When I walk through the gates, I expect the armed policeman stationed in the guard box to stop me, or the plain-clothed guy in there to at least give me a suspicious look. Neither happens and I stroll up on the red-and-black brick paving.
It’s a slight incline; not too taxing, just enough to make you lean forward and strain a bit. I get right up to the entrance of the building. It looks tall from a distance, when one takes in the Harare skyline, amongst the other tall buildings. But here, standing right at its base? It is imposing.
There is a brass plaque next to the entrance, as usual, stating which important official opened this important building on which important date. I run my eyes from the plaque, up the building, craning up until I feel a slight tweak in my neck.
In that moment, I realize that we, as a country, should have known how screwed we were, when the Eating Comrades erected a Head Quarters in the shape of a massive phallus – complete with a black cock at the top.
I beg your pardon; let me backtrack. I set out to do a bit of research this morning. Research on a musician … and his song. There was water coming out of the municipal taps this morning. So I managed to take a bath before leaving the house. Nice.
And so I took a stroll through the Avenues. The girls were already on the corners. 8 a.m. and they were pacing the street. I have always wondered who buys sex at eight o’clock in the morning. Someone does. Regularly. And so the girls are already in their stockings and short tight dresses … and while the employed drive and walk to work … they are already at work.
My musician is Mozambican. That’s what it says in a note on Amazon.com album page. I had always assumed he was Zimbabwean. The song is popular in Zimbabwe. But to float the mystery, he doesn’t “sing”. Meaning there are no actual words in the entire composition.
So there is no way of telling nationality from the language in the lyrics. It’s just him and an acoustic guitar … and acoustic guitars have no nationality.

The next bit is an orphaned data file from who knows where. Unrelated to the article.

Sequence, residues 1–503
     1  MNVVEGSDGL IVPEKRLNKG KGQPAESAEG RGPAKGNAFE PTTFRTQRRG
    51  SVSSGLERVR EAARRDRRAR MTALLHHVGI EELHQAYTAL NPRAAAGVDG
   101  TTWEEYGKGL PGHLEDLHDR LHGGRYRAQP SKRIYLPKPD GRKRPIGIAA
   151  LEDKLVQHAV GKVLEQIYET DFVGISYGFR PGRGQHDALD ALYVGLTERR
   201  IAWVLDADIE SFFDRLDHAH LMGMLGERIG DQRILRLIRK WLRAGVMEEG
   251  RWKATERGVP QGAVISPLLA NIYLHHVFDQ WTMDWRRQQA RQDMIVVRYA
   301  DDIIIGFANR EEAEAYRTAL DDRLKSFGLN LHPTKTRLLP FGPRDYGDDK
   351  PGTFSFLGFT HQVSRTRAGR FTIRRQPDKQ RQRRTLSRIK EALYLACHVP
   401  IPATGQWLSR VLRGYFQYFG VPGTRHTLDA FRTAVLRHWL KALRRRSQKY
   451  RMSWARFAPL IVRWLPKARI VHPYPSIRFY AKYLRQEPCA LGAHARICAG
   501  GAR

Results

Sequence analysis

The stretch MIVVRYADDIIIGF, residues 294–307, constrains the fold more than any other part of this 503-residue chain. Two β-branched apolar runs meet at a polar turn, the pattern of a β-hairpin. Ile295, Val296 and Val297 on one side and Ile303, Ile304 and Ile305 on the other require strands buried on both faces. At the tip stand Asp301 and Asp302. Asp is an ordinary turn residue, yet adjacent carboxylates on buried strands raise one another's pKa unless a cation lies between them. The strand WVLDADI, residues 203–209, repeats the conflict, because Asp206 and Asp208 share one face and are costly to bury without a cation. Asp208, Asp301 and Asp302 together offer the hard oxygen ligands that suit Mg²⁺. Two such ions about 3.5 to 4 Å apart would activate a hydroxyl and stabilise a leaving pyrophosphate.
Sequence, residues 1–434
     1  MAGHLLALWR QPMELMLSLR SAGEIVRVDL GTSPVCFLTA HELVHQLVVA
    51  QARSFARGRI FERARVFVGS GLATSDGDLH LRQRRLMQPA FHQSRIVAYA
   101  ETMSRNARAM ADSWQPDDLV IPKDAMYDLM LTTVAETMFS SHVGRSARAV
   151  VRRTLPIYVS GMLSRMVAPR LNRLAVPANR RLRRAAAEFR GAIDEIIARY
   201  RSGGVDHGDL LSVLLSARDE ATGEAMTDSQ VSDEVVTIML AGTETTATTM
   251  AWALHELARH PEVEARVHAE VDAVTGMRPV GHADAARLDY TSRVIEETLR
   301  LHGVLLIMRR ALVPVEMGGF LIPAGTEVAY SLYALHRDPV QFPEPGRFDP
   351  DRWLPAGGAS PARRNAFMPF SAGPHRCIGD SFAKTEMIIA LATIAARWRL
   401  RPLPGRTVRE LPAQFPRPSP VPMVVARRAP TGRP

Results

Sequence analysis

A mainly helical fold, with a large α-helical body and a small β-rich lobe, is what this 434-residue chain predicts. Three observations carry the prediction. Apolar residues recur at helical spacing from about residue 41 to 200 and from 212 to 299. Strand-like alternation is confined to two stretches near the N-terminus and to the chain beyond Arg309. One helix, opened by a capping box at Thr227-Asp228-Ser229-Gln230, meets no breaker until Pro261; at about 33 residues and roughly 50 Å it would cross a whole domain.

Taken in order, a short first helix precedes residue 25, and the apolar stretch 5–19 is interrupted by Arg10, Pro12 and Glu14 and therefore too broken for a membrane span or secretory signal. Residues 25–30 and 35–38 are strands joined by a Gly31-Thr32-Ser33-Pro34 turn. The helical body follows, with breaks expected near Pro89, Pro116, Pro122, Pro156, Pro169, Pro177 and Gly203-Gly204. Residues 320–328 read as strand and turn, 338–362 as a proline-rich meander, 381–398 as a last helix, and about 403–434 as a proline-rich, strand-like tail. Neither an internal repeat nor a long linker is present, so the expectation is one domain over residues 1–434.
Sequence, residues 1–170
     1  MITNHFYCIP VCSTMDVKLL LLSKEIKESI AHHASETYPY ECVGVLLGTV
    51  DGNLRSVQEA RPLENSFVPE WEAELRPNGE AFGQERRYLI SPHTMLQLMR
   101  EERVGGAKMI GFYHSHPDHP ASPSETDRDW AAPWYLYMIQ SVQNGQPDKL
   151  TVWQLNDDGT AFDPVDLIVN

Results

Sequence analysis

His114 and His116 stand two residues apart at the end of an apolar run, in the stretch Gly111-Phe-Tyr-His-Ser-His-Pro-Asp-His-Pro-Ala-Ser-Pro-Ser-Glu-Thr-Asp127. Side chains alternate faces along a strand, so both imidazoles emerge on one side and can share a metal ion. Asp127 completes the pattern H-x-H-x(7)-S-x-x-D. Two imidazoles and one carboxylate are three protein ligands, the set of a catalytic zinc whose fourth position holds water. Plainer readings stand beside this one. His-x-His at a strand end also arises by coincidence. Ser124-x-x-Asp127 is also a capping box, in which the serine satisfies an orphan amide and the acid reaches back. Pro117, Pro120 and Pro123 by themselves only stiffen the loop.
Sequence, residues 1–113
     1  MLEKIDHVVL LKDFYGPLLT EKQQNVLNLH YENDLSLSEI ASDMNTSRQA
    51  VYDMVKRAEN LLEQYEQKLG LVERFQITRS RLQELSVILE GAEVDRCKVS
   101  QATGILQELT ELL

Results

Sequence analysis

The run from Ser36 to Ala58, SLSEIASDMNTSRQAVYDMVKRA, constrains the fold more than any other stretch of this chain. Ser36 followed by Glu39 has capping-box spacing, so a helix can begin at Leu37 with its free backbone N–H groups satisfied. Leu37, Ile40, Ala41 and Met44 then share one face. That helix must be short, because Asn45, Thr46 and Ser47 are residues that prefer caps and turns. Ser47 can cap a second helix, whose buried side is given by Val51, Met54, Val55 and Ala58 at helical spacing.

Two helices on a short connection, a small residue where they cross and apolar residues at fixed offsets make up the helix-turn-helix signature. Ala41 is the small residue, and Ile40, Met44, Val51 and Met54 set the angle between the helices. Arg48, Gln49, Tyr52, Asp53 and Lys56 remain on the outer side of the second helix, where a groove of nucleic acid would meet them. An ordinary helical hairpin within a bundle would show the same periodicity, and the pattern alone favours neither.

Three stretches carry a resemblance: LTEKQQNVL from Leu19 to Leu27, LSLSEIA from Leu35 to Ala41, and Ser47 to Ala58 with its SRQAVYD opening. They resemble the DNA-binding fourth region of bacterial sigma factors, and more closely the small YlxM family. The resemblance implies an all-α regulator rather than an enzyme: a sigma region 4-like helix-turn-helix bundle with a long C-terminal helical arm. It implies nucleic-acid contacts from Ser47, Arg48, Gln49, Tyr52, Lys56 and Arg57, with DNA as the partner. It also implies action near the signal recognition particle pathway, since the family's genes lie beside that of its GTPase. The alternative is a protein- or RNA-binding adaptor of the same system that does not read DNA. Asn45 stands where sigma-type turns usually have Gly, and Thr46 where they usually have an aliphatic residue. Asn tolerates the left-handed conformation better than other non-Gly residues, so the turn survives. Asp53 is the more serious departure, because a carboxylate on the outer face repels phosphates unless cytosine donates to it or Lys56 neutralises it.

The Mozambican Embassy is an exercise in minimalism. There is one counter, manned by one person, with one broken pen and no paper. And so, at her instruction, I follow her into another section of the building so she can ask for a blank sheet of paper for me to leave my details.
She speaks in lightly accented Shona. A Shona that could allow her to pass for a native. I have enquired about my musician and his song and after two minutes of misunderstanding and government employee annoyance, she has decided to “take my details” to forward on to “her boss”. Very encouraging.
Matias Xavier recorded and released a song in 1988. A lament. Samora Machel had died in a plane crash two years prior, on 19 October 1986. This song was in commemoration … and it captured the essence of grief. Collected, funneled, distilled … one note at a time. Grief on 7-inch single. Grief spinning at 78 rpm. A melancholy wail, shuffling and hissing wearily between sparse notes and pleading groans.
An emotion threading between guitar strings, through worn fingers, meeting its vocal doppelganger on a studio microphone, straining past the lump in Matias’s throat. Matias in a recording studio, draped in mourning garments … ashy sack cloths, bent over, tears streaming, pleading upwards to the deity of oppressed souls. It is a song beyond language and lyrical inconvenience.
In that brief but dizzying revolutionary fervour of post-colonial Zimbabwe … and the national camaraderie with Frelimo Mozambique, no words could have sufficed. Two years after the death of Samora Machel, a guitar-accompanied plea to the guardians of the souls of black folk.
A grainy, hollow recording, running a telegraph line from a slavery plantation in the American South to the wooden cabinet Tempest and Supersonic hi-fi’s and black-and-white television sets in living rooms of the post-colony. It peaked the Zimbabwean charts at Number 2 in August 1988.
And so I walk into the phallus;
“Ndipe I.D. … uri kuenda kupi?”
“Urikuda kuona ani ikoko?”
“Handizive kuti ndinoona ani. Ndakauya last week ndikanzi ndiende kunoona veko.”
“Pane research yandirikuita maererano nerwumbo rwunoridzwa panoshaya magamba.”
“Unokuziva kwauri kuenda?”
“Asi wamboti wakauya pano wani?”
“Ehe, ndakauya pano paReception asi vanhu veko vakanga vasipo.”
“Hoo … enda ku 7th Floor.”
Mozambique has departed much from the Marxist ideals of Cde Machel. Sporadic battles between the MNR or RENAMO still break out. There is significant capital investment driving infrastructural development. RENAMO has popular support in national politics. On one end, young boys are holding up captured live game for sale by the roadside, in Tete, a second bridge spanning the width of the Zambezi was commissioned.
Zimbabwe is less contradictory. For the last 27 years it has been that feeling you get when you step into a puddle of water … that moment when the cold wetness soaks your socks. On repeat.
Tormented Soul is now an echo from a past era. Souls are still drifting over Chimoio, Nyadzonia and disused mine shafts … but the torment is now.
Our souls need respite. Not an old song. Another worn and overused ratchet in a State toolbox pulled out on occasion to wind up spent emotions.
The Tormented Souls are now.